The Original Black Panthers of Milwaukee marched to the Milwaukee County District Attorney’s office on Thursday.
Police Officer Devon Kraemer’s trial ended with a hung jury Wednesday afternoon.
Judge Christopher Dee declared a mistrial after jurors failed to reach a unanimous verdict.
Kraemer was charged with Aggravated Battery With Intent to Cause Great Bodily Harm, Use of a Dangerous Weapon. The jury heard two weeks of testimony before it deliberated for roughly 16 hours over three days.
On Thursday, two members of the Black Panthers met with District Attorney John Chisholm behind closed doors for approximately 15 minutes.
King Rick, the Leader of the Original Black Panthers of Milwaukee, said the group is demanding that Kraemer be tried again and that the U.S. Department of Justice also investigate the shooting.
"I implored upon him that they retry (Kraemer) by any means necessary," he said.
He added he was frustrated with the lack of a verdict.
Chisholm said Wednesday that he plans to meet with Kraemer's lawyers, the prosecutor in the case, as well as the victim and his attorney in the coming weeks before deciding if the state will attempt to try Kraemer once again.
Kraemer and Officer Michael Leeman escorted Manuel Burnley Jr. off a bus near 60th & Brown Deer Rd. in 2016 after he’d been yelling and arguing with the driver over a transfer policy.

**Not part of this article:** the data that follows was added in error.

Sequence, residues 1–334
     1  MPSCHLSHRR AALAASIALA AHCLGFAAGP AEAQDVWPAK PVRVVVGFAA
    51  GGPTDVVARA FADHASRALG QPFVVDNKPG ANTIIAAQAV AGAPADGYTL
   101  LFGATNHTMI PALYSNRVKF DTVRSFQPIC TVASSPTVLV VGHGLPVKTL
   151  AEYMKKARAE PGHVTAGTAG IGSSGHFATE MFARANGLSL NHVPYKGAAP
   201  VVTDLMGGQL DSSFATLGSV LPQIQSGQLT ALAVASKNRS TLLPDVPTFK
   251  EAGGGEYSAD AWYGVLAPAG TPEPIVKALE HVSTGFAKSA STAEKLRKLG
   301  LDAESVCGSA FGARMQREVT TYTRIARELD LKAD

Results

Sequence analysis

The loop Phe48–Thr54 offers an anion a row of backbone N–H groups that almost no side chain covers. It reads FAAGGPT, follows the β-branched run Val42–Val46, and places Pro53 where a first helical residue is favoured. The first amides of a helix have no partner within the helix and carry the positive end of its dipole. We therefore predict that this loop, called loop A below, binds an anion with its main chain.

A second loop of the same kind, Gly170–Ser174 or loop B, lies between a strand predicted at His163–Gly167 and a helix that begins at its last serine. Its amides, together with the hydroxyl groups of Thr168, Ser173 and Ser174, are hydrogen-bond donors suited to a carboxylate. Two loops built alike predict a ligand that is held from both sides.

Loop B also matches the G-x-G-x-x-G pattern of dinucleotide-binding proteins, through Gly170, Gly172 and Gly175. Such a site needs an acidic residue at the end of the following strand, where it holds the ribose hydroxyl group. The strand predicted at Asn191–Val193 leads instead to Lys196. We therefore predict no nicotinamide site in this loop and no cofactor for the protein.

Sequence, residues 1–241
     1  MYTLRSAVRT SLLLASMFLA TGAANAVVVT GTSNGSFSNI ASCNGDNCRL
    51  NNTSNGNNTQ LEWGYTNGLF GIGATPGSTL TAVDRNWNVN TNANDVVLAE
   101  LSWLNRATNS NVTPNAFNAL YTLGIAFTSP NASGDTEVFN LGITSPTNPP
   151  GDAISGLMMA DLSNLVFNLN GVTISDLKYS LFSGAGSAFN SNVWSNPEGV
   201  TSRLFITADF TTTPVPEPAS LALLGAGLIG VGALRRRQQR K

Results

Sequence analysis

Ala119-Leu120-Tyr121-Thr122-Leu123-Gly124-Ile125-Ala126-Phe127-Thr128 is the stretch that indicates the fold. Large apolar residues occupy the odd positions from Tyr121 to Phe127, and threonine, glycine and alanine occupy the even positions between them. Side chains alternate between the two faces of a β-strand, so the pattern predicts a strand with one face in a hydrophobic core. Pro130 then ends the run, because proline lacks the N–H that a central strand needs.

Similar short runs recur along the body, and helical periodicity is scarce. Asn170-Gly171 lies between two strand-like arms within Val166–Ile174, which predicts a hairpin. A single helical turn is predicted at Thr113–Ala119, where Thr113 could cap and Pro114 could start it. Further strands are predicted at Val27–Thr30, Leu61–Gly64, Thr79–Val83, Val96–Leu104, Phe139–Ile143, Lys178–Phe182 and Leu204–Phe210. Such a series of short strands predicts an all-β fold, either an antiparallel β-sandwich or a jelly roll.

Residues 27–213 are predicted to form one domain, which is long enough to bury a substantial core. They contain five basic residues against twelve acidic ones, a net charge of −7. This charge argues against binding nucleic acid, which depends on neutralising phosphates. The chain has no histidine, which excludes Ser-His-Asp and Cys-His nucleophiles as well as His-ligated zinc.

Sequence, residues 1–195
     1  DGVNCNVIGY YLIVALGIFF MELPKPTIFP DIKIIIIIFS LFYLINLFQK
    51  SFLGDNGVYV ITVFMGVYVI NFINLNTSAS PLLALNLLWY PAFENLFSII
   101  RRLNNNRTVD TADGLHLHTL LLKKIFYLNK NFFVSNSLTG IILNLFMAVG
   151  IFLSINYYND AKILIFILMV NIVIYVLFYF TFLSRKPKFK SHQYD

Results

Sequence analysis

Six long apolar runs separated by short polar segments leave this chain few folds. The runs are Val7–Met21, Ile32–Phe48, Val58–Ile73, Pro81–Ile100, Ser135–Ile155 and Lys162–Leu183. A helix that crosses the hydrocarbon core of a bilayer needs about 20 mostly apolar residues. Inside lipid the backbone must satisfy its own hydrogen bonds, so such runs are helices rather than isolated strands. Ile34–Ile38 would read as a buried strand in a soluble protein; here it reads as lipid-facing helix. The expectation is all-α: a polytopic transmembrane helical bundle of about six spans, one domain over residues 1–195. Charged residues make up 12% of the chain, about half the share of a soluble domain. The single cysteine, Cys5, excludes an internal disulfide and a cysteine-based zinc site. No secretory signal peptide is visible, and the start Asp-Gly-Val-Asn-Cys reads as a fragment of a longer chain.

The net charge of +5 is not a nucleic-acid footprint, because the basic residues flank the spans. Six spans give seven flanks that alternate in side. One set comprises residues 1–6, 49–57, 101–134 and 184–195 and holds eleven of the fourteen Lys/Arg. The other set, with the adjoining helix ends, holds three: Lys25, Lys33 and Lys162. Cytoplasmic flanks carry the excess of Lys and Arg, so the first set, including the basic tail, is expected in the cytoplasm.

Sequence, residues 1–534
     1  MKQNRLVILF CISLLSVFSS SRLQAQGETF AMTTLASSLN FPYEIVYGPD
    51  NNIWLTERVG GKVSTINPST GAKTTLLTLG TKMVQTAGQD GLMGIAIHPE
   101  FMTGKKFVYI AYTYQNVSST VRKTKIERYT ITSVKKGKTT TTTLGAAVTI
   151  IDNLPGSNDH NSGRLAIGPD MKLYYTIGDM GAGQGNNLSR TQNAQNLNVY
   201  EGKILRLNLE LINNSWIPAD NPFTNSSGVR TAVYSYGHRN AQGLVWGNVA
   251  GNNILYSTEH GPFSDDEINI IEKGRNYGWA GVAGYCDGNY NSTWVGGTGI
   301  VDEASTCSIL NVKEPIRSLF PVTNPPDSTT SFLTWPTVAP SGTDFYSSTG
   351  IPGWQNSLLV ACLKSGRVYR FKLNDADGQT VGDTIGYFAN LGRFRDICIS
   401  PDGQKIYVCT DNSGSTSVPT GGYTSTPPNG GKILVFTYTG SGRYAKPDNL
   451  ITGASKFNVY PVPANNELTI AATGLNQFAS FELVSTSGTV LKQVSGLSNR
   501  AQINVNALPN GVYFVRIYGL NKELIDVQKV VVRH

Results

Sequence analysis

Once off the bus, Leeman tripped Burnley Jr. and all three people fell to the ground in a scuffle.
Kraemer said she feared Burnley Jr. could be armed, and testified during her trial that he was overpowering the two officers. She said that’s why she made the decision to shoot Burnley Jr. once in the back.
Burnley Jr., who lost part of a lung in the shooting, testified during the trial and maintained he was not resisting arrest. He said he was trying to submit to the officers and get the arrest over with.
Burnley Jr. was never charged in connection with the incident.
Burnley Jr.’s attorney, Jonathan Safran, said his client was very upset with the lack of a verdict and wants the District Attorney to try the case again.
Safran said a civil suit could come following a resolution to the criminal case against Kraemer.
"We haven't made a decision on what we're going to do yet," Safran said. "We're waiting to see what comes of the criminal prosecution."
Safran added he has been in contact with the U.S. Attorney's office, and expects federal officials to speak with the Milwaukee County District Attorney regarding the possibility of federal, civil rights charges against Kraemer.
"We're waiting to hear back from both of them as far as what their decision making is," Safran said.
An attorney for Kraemer declined to comment Thursday,
She remains on administrative suspension from the Brown Deer Police Department pending the District Attorney’s decision on whether to retry the case, said Police Chief Michael Kass in a statement.